With the market in free fall and the volatility index indicating high fear levels going into Friday, a buy at this time would seem misguided. As the market stabilizes; however a massive purchasing opportunity will reveal itself. Depressed stocks, many of which endured losses in spite of internal strength will become bargains. A well-timed move could result in nearly instant returns so which are the best stocks to benefit from the current decline?
Apple (AAPL): Apple lost considerably in trading yesterday and if the current attitude persists shares will only go lower. The weakness appears to be more a consequence of broader panic than anything specific to the tech goliath. Illuminating this was Apple’s decline alongside the news that their iPhone replaced Nokia as the number one smartphone world wide. Additionally, the companies’ new cloud computing system could be an additional boon to its worth. With its long history of strength and wide range of well-liked products, even a weaker economy is unlikely to deter growth. Apple’s current P/E ratio is pricy at 14.94 but if it shimmies a bit lower Apple will look considerably more attractive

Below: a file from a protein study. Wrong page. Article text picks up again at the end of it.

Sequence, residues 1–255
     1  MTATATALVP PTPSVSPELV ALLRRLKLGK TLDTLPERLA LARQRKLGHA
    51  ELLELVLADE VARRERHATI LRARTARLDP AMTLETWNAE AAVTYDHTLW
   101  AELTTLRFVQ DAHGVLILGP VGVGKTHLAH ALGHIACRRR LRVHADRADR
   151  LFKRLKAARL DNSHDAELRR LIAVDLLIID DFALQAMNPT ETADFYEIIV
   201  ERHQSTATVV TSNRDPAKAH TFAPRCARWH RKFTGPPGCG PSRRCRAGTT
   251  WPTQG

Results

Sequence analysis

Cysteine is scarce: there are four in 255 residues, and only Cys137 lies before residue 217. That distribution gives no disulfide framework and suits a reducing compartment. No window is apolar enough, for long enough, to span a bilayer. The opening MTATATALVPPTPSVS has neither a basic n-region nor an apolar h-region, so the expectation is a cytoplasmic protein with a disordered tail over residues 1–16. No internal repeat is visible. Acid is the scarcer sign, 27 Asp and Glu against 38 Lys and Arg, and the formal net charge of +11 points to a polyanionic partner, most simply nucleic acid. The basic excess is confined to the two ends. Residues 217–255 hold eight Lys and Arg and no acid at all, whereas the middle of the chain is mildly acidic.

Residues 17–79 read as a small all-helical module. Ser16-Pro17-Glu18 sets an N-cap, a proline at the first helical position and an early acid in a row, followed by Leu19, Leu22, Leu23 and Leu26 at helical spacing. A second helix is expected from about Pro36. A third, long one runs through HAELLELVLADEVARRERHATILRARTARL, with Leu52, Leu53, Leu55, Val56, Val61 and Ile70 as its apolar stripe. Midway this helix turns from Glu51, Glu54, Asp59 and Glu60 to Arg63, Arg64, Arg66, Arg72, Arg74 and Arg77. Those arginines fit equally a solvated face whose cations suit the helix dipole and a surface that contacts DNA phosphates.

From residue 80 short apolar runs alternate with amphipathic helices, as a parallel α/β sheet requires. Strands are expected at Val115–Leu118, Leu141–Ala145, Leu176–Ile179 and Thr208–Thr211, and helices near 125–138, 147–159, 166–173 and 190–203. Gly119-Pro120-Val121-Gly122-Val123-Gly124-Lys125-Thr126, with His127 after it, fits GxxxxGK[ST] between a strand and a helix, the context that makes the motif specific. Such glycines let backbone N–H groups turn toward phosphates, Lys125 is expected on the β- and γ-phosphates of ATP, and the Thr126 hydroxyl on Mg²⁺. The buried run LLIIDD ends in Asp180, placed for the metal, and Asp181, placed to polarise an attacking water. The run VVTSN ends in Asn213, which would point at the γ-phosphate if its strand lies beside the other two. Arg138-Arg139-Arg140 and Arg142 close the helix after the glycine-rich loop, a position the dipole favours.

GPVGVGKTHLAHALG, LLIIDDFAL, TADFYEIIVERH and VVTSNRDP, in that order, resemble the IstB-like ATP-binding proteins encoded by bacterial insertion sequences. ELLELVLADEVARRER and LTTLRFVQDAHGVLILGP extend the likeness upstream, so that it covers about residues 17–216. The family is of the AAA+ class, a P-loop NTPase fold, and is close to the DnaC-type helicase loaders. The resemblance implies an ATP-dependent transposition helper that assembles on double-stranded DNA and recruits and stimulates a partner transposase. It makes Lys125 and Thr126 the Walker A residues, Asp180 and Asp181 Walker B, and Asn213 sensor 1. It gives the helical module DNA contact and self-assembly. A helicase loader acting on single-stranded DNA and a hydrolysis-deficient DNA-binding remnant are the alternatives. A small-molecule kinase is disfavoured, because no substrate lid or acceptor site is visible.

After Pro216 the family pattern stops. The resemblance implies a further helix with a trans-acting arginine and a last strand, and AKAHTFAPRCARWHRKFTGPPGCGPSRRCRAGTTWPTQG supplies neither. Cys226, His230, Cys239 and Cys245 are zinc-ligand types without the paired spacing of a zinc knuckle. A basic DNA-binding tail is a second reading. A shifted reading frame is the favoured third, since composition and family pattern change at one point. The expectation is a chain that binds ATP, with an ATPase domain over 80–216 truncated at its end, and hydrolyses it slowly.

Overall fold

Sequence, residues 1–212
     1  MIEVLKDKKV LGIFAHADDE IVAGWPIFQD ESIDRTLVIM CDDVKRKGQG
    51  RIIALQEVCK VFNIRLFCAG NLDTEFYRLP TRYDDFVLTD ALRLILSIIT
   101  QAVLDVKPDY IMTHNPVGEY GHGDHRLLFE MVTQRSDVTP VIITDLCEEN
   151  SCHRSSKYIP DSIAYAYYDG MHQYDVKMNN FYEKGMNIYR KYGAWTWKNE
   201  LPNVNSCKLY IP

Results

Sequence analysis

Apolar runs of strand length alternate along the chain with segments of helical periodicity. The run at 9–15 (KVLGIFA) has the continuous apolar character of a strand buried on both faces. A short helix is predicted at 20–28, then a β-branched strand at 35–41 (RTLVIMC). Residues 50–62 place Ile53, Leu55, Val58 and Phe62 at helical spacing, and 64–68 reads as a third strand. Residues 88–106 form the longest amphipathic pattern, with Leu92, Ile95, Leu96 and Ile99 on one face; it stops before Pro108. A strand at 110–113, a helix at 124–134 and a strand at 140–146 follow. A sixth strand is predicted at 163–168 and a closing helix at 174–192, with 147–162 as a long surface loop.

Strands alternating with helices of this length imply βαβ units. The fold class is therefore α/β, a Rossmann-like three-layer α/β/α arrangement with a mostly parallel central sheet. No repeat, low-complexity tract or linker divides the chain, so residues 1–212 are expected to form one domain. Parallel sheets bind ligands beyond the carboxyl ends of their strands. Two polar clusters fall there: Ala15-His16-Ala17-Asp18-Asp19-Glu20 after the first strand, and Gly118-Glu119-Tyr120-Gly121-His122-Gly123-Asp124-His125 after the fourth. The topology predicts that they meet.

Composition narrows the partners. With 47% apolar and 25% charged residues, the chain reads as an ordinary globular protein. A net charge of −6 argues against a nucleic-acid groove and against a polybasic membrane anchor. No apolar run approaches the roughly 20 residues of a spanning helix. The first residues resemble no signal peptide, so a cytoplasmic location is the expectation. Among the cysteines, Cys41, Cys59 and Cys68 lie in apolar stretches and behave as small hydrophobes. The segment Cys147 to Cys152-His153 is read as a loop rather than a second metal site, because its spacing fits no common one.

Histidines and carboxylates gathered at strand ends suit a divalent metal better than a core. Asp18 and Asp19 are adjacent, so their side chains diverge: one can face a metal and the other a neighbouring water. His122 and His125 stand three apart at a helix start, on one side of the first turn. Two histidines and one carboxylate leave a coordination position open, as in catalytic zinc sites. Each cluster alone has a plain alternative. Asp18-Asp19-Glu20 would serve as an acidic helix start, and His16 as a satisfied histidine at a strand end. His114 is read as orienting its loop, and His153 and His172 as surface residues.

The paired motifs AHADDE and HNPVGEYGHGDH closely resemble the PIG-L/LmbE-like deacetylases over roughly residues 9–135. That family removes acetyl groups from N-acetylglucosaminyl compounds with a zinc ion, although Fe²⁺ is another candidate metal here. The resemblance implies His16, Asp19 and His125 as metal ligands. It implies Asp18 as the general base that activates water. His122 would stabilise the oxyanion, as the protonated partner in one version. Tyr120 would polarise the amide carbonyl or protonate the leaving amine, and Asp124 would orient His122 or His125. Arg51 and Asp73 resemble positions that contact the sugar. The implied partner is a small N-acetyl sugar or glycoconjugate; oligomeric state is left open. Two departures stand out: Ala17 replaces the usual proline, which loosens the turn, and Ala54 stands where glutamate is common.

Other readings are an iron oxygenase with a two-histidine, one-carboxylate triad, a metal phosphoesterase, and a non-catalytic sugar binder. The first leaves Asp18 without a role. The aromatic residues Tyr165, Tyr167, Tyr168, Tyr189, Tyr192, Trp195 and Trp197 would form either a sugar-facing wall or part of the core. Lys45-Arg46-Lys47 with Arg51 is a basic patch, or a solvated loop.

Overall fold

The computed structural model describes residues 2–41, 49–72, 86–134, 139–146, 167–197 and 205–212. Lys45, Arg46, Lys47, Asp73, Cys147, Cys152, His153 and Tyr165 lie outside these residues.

JPMorgan Chase (JPM): Financials across the board have been taking a beating as investors, scarred by 2009 losses, attempt to escape before enduring a second burn . Many major banks have high exposure to goodwill impairment charges (looking at you Bank of America) and the mortgage market but others seem to have the wherewithal to survive. JPMorgan Chase is among them. While the company still has a weak mortgage unit, their portfolio size is barely a third the size of Bank of America’s. Simultaneously, the company’s CEO Jamie Dimon has been putting aside increasing reserves allocated for related complications, protecting the institution’s PR in the event of further challenges. Certainly, JPMorgan Chase will continue an upward battle, but with one of the deepest discounts in the sector (that continues to deepen) there could be some upside here after the storm.
Whole Foods Market (WFM): There seems to be a knee-jerk reaction to sell Whole Foods, the organic grocer often mocked as Whole paycheck, whenever the market hits the skids. If the old adage, the rich get richer the poor get poorer is true; however, that’s hardly necessary. It’s unlikely the Whole Foods customer will endure enough of an impact to reassess their shopping habits. This is going unaddressed by investors who have been selling off their shares like hot cakes in recent trading. Even after the decline, the price to earnings ratio is still well above other grocers, but it does have a different business model that permits the inequity. Right now, it is still too expensive but if trends persevere, this could be a great company to snap up.